Baroclinic instabilities do not form in idealized simulations of river plumes nor is there much evidence for baroclinic instabilities in real plumes (Horner-Devine et al. 2015). The classic unforced river plume, with a bulge and coastal current, does not go unstable in idealized numerical simulations with only buoyancy forcing (e.g., Yankovsky and Chapman 1997; Fong and Geyer 2002; Hetland 2005) or under wind forcing (Fong and Geyer 2001; García Berdeal et al. 2002; Hetland 2005; Jurisa and Chant 2013). While there is no evidence for baroclinic instabilities in rotating tank laboratory experiments specifically designed to examine river plume structure and evolution (Horner-Devine et al. 2006; Avicola and Huq 2003b,a), there is evidence for instability formation in a wide range of buoyancy-driven flows in the laboratory [e.g., Griffiths (1986) and references therein]. Griffiths and Linden (1981) note a transition from stable to unstable flow conditions in a series of experiments with a continuous buoyancy flux from a line source as the width of the current grew past a critical value and attributed the stable configuration to frictional effects. Thus, there is some evidence that narrow currents may be more stable and that the processes through which the current is formed are an important factor in determining stability. However, it is not clear if frictional processes that may be responsible for stability of laboratory-scale flows act similarly at large, geophysical scales.

Pennel et al. (2012) consider how topography affects the stability of a buoyant coastal current, but they consider a very different configuration than presented in this paper; they consider a surface-trapped plume where the buoyant water is only found in the upper 15% of the water column such that the plume never directly interacts with the sloping topography below. However, Pennel et al. still find that topography has a profound influence on the formation of instabilities within the plume, with the slope parameter δ as the relevant parameter to describe topographic influences. They also find that the maximum growth rate is greatly reduced for strong bathymetric slopes, although instabilities were always present in the portion of parameter space they explored and that increasing bottom slope delays the formation of large eddies. Isachsen (2011) also finds that the highest equivalent lateral tracer diffusivities associated with baroclinic instabilities occurs with a flat bottom δ = 0; a nonzero bottom slope always decreases the equivalent diffusivity despite the prediction from linear theory that the maximum should occur around δ = −0.5.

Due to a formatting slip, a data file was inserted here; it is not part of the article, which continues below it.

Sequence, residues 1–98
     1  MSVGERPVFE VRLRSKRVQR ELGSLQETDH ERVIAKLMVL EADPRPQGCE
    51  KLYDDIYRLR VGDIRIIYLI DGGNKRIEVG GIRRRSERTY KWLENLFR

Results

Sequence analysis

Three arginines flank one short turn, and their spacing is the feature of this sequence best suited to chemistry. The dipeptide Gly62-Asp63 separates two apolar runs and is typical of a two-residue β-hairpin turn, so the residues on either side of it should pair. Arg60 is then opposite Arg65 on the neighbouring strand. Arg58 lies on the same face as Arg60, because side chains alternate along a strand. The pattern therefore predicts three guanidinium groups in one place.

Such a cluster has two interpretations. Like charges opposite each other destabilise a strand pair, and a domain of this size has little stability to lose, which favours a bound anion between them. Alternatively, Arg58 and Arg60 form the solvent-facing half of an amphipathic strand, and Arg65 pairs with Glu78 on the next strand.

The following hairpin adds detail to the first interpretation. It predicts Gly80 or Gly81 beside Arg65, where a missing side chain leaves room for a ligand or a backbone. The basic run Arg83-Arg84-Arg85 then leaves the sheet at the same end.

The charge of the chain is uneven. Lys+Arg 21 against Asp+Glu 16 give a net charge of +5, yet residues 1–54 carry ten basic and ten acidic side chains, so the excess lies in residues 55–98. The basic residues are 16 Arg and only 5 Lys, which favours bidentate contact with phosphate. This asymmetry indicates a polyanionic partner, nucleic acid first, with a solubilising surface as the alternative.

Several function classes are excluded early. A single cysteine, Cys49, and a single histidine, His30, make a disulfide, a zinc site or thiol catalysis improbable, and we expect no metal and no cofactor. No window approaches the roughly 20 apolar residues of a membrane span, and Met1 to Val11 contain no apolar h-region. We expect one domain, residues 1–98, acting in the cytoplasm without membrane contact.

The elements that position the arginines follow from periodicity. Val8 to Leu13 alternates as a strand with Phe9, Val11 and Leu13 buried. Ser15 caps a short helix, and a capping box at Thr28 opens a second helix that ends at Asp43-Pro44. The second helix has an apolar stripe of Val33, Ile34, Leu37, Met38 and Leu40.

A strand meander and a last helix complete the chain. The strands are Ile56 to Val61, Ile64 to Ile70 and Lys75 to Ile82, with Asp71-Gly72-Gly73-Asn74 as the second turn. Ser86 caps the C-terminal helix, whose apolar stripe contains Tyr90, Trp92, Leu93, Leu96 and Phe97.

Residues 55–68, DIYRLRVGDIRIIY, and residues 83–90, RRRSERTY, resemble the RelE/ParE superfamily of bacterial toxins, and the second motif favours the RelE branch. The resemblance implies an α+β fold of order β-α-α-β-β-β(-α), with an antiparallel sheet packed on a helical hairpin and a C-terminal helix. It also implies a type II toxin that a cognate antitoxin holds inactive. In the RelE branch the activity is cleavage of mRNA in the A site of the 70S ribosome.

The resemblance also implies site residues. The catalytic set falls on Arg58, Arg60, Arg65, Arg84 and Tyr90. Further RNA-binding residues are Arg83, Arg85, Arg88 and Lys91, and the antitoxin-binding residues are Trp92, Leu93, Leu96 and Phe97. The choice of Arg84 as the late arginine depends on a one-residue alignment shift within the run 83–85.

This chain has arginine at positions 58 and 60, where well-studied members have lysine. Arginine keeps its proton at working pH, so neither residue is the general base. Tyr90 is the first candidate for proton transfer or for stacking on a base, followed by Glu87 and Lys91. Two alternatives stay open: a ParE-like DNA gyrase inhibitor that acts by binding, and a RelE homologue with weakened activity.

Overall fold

It should be noted that the “bottom-advected” experiments performed by Yankovsky and Chapman (1997) develop a meandering current, but the flow does not go unstable. An estimate of the flow conditions (Yankovsky and Chapman 1997, their Fig. 6) indicate that the frontal width of the bottom-advected plume front is about 15 km wide, with a deformation radius of about 4 km, indicating that the front is on the edge of instability: S ~ RdW−1 = 0.26. Note that in this case, the region of horizontal stratification is confined to the front—water on either side of the front is homogeneous—so the frontal width is the appropriate length scale. For the realistic Mississippi–Atchafalaya plume simulations and the idealized simulations presented here, the lateral density gradients that define the plume extend from the coastline to the plume front, so that the bottom slope and water depth at the plume front can be used to determine the plume width. The meanders in the plume appear to have the same scale as baroclinic instabilities (Yankovsky and Chapman 1997, their Figs. 7 and 8), roughly 3Rd. An estimate of SH in the plume front (based on W = 15 km, U = 0.3 m s−1, and f = 10−4 s−1) is SH = 0.2, the point where instabilities are predicted to be suppressed. Estimates based on M2 are less accurate, as the lateral density gradients vary across the plume front. The conditions downstream, near where the meanders begin, are much different than those near the mouth. For example, the Rossby number at the source is Ro = 0.067, whereas downstream, Ro ~ 0.3. Thus, the evolution of the plume front is important in determining if instabilities can form.